Derivatives are generally regarded as a very risky investment. Then why is it that the derivative funds are said to be a safe investment with low risk of capital erosion?
- Amrit Lal
The derivatives were originally launched as risk-management instruments. But it is true that if used inappropriately, they are capable of delivering huge losses to an investor. If derivatives are used for hedging purposes (which is what the mutual funds do), they become an effective tool to restrict, or even eliminate the downside of your equity investments. But if you take an unhedged position in derivatives (which is what most of the investors do), then the losses can get magnified if the markets fall.
Derivative instruments are traded in lots (each lot is called a contract) and the rupee value of each lot is Rs 2 lakh or more. And unlike shares, you are not required to pay the full amount to buy a derivative contract. You can do that simply by paying a 15-20 per cent margin. For example, at 15 per cent margin, you can buy a futures contract worth Rs 2 lakh by paying only Rs 30,000. Many investors see this as a wonderful prospect to make quick money by making little investment. To illustrate, if this futures contract appreciates by 10 per cent, the investor will earn Rs 20,000. This translates into a whopping 67 per cent returns on his actual investment of Rs 30,000. This lure of making quick money attracts a lot of knaïve investors towards derivatives. But on the contrary, if the value of futures contract drops by 10 per cent, then it can also inflict a 67 per cent loss to your investment. Therefore derivatives can become a high risk-high return proposition if you take unhedged positions in them.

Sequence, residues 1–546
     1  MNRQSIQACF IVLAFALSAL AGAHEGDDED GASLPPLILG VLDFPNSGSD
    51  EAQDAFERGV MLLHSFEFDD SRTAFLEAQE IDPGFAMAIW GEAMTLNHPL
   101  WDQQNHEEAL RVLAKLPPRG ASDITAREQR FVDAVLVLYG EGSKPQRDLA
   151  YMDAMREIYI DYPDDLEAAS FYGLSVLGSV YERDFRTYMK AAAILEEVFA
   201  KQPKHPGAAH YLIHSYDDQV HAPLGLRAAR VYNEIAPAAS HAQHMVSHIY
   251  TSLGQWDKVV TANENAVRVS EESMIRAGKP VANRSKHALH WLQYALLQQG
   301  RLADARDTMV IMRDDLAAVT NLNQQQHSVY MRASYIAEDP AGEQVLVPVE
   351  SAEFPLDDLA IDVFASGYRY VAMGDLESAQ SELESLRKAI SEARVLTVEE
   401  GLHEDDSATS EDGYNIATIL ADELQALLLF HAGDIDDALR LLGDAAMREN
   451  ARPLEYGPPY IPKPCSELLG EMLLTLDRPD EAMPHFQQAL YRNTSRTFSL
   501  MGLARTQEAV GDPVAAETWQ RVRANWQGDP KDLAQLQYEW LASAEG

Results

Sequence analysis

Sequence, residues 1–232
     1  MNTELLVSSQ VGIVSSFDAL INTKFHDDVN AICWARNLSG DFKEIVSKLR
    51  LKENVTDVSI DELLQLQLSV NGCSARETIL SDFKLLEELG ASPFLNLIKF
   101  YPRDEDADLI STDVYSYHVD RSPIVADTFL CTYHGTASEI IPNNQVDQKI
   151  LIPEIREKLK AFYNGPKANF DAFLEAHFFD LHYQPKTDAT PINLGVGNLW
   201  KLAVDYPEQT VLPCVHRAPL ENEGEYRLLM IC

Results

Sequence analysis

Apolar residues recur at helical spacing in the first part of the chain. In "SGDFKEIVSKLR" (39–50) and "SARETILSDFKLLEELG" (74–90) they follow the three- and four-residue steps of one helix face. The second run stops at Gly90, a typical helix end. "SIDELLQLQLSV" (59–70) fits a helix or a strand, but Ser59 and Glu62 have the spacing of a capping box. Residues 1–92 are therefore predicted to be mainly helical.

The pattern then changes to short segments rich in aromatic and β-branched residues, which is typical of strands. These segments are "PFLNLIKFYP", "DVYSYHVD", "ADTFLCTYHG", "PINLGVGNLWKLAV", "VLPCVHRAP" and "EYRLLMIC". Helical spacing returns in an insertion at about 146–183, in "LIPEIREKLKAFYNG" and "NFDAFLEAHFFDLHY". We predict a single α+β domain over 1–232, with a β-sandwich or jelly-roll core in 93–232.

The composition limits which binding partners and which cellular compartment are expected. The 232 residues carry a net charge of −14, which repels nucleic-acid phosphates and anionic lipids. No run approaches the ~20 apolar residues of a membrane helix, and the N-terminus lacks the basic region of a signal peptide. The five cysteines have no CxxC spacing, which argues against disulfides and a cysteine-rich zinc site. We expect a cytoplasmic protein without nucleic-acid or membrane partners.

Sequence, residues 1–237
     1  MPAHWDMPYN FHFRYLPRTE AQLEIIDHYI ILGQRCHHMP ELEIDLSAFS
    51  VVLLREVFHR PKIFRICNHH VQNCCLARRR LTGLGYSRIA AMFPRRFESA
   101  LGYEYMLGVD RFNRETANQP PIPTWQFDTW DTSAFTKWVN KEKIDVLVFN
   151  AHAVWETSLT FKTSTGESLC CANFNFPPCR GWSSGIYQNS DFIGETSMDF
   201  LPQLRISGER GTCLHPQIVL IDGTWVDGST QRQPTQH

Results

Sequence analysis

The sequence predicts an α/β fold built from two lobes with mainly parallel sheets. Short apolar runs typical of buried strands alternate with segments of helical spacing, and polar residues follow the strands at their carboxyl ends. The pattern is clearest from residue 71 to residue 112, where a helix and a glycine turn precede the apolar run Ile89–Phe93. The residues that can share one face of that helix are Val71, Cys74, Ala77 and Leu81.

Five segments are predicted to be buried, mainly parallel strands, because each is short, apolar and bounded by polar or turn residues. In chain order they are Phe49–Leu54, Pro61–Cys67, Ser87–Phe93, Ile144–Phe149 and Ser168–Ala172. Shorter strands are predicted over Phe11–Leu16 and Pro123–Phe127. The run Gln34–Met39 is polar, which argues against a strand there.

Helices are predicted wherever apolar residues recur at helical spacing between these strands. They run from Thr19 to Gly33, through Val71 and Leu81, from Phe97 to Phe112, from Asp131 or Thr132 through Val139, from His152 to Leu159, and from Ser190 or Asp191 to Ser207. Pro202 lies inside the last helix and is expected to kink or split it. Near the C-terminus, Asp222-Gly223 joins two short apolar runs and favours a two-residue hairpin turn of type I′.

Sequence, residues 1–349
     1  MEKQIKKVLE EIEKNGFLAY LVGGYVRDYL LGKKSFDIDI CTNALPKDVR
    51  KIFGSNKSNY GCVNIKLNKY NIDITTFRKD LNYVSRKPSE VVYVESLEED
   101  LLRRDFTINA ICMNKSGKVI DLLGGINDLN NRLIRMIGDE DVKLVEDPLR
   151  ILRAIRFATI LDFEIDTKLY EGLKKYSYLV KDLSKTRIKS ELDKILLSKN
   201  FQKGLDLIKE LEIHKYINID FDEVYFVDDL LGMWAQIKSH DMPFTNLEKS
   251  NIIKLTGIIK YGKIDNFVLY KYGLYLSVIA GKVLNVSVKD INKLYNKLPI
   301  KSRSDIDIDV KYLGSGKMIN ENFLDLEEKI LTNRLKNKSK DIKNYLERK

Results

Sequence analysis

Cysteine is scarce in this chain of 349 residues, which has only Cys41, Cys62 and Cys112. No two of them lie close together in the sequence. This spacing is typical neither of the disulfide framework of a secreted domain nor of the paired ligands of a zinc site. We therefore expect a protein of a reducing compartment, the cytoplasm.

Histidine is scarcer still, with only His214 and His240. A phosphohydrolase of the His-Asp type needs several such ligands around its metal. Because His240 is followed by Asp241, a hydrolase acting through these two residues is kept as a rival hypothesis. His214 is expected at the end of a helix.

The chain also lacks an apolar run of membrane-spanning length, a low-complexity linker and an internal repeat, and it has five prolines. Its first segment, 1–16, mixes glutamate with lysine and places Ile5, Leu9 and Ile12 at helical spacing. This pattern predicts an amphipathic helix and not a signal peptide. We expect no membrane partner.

But mutual funds usually use derivatives to hedge their portfolios. This means that if the markets go up, the fund's gains will be restricted, and if the markets fall, the fund will lose less. This makes such funds a low-risk low-return proposition.